cation (4e)
Mirror Plane C2 axis

5 5 4 nodes
4 nodes S A

4 4 3 nodes
3 nodes A
LUMO S
LUMO

3 3 2 nodes
2 nodes LUMO
LUMO S
HOMO A
HOMO

2 2 1 node
1 node HOMO
HOMO
A S

1 0 nodes S A
1 0 nodes
These are pericyclic processes that involves the cyclization of a
conjugated polyene. The electrocyclic reactions are intramolecular
reactions.

One bond is broken, the other bonds change position, a new


bond is formed, and a cyclic compound results.

Gives specific stereoisomeric outcomes related to the


stereochemistry and orbitals of the reactants
Conservation of Orbital Symmetry Theory

In 1965 R.B. Woodward and Roald Hoffmann developed


this theory
Explains the relationship among the structure and
configuration of the reactant, the conditions (thermal or
photochemical) under which the reaction takes place, and the
configuration of the products,

States that in-phase orbitals overlap during the course of a


pericyclic reaction
An electrocyclic reaction is completely stereoselective
Only the symmetry of the HOMO is important in determining the
course of the reaction
A symmetry-allowed pathway is one in which in-phase
orbitals overlap

If a reaction is symmetry-forbidden, it cannot take place


by a concerted pathway

The symmetry of the HOMO of the compound undergoing


ring closure controls the stereochemical outcome of an
electrocyclic reaction
Photochemichal condition

Thermal condition
Thermal condition
h

Photochemichal condition
Rules for Electrocyclic Reactions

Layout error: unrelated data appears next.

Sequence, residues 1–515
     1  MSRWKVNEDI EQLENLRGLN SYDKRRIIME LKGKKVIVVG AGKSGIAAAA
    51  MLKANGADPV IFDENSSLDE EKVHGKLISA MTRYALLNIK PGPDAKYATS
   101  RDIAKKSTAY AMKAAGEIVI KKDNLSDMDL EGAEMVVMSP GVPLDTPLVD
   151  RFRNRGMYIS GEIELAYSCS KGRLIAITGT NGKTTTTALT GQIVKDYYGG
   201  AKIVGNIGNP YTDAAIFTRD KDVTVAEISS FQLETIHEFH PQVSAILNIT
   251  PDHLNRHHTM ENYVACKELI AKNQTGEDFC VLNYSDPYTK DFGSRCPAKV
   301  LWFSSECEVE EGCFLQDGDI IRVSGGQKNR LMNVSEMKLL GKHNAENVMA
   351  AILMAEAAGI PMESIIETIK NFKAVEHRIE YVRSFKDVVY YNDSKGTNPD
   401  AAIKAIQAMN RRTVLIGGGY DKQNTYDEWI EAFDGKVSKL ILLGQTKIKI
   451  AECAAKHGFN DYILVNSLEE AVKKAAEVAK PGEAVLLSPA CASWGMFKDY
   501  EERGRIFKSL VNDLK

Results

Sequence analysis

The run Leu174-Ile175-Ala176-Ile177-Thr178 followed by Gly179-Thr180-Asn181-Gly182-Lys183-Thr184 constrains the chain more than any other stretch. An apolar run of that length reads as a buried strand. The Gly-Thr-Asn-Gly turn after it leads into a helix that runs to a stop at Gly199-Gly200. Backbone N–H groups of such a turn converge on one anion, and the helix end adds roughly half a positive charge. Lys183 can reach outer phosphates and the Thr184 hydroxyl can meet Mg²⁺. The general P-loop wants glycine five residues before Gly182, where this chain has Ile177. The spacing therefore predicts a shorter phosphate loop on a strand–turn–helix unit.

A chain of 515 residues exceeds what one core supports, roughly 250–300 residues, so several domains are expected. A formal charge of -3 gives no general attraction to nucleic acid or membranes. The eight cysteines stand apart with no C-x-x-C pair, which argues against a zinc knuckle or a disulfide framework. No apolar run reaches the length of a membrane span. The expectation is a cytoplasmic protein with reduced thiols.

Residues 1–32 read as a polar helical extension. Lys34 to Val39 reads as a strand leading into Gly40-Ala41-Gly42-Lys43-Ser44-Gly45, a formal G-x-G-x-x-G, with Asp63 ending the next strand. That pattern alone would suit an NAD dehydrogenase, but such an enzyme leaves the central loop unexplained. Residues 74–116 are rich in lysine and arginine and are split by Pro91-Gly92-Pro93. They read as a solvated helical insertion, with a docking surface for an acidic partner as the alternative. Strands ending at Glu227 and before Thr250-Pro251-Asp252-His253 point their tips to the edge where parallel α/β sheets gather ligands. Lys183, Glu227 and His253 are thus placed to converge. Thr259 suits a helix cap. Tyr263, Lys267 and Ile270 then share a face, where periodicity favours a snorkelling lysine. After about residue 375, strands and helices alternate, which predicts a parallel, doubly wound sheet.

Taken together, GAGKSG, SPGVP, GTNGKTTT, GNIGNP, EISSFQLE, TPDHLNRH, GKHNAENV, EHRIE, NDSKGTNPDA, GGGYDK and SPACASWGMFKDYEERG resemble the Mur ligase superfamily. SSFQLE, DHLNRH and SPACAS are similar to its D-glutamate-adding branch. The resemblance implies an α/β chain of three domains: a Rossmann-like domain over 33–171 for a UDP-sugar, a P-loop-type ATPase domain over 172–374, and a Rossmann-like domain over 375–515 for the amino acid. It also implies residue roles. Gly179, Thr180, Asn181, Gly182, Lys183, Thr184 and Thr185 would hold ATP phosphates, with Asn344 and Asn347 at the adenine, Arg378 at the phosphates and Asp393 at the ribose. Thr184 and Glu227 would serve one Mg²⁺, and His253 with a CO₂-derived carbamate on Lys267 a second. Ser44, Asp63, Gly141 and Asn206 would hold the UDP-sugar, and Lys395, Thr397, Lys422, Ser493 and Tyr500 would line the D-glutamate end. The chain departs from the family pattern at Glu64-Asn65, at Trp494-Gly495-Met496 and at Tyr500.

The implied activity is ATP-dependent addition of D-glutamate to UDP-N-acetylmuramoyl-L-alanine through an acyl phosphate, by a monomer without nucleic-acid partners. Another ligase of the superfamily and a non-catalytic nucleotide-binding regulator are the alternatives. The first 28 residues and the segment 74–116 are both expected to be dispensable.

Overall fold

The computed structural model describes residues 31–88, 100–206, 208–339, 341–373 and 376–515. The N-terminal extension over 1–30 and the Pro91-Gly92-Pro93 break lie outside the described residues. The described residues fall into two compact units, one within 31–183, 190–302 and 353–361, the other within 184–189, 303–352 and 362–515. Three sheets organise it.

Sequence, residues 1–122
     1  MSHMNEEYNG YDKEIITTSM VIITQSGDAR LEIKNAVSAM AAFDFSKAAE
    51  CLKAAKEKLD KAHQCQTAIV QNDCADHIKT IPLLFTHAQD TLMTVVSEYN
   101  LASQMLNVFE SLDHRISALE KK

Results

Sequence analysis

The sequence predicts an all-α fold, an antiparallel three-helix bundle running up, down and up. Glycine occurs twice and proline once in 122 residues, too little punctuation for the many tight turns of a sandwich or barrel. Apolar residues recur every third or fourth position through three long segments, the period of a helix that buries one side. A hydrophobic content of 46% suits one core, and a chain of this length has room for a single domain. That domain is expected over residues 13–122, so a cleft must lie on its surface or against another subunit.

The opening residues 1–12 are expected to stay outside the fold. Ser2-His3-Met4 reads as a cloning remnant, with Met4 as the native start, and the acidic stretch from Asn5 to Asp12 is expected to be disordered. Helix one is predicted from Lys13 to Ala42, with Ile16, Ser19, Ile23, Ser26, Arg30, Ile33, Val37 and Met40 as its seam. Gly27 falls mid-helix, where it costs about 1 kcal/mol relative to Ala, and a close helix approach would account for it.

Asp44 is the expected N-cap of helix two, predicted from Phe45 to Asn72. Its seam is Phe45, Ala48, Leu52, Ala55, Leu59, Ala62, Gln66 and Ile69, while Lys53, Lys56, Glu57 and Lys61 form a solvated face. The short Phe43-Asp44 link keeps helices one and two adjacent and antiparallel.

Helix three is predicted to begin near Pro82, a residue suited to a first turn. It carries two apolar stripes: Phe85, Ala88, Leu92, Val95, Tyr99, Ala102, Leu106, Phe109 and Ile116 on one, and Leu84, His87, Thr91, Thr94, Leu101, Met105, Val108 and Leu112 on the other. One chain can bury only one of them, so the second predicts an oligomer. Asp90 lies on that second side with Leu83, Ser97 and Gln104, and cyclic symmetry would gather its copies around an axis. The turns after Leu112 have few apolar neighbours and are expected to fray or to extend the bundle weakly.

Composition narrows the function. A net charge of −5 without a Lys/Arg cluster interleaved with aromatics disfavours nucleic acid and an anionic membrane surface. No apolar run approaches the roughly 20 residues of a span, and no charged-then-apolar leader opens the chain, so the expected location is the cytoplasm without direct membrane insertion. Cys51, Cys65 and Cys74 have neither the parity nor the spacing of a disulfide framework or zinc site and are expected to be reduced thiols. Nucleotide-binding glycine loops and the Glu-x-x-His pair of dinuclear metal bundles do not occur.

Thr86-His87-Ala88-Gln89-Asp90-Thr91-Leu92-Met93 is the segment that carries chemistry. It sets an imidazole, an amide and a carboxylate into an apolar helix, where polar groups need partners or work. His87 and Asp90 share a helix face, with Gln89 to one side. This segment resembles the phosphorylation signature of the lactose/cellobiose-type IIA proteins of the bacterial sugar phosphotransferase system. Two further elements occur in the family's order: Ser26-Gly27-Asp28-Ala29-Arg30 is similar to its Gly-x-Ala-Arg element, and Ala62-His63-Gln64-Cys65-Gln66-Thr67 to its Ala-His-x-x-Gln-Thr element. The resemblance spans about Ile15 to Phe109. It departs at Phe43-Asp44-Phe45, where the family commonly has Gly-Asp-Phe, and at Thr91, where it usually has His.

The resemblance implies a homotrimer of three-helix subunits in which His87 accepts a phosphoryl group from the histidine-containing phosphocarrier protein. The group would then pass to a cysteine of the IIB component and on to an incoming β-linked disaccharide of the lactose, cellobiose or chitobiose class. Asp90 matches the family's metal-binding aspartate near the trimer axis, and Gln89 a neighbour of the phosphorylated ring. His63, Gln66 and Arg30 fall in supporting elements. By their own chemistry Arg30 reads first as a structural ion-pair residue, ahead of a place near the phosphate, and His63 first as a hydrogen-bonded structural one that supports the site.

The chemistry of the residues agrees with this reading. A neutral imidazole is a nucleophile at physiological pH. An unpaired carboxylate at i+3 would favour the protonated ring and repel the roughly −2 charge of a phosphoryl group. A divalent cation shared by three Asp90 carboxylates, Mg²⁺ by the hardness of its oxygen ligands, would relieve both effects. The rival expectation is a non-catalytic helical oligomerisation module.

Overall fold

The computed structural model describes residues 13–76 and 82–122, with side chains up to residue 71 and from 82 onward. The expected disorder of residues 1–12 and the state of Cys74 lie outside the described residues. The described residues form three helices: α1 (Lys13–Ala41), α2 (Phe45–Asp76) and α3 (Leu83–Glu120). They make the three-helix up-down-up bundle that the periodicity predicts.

Frontier Molecular Orbital Method

It is an easy and extremely simple approach that is based on


the interaction of the frontier orbitals, i.e., the highest occupied
molecular orbital (HOMO) and the lowest unoccupied
molecular orbital (LUMO) of the components that are involved
in a pericyclic reaction.

When two systems come close to each other, then their


unperturbed molecular orbitals start to interact and those that
are close in energy interact more strongly than other orbitals. It
is well known that interaction of two filled MOs does not lead
to the net energy stabilization of the system but it is the
interaction between one filled and other vacant MO that leads
to net energy stabilization. This explains why interaction
between HOMO and LUMO is considered in this approach
If interaction between these two MOs is of bonding type
(overlapping of same signed wave functions) in the ground state,
then reaction is thermally allowed. However, if it is of antibonding
type (overlapping of opposite signed wave functions) then it is a
thermally forbidden reaction.

On the other hand, if interaction between HOMO & LUMO is


of bonding type in the excited state, then reaction is photochemically
allowed. However, it is a photochemically forbidden reaction when
it is of antibonding type.
In order to apply the FMO approach in unimolecular
pericyclic reactions like electrocyclic reactions and sigmatropic
rearrangements, we have to treat a single molecule as having
separate components. In such a case, only HOMO of the
component has to be considered to predict the feasibility of the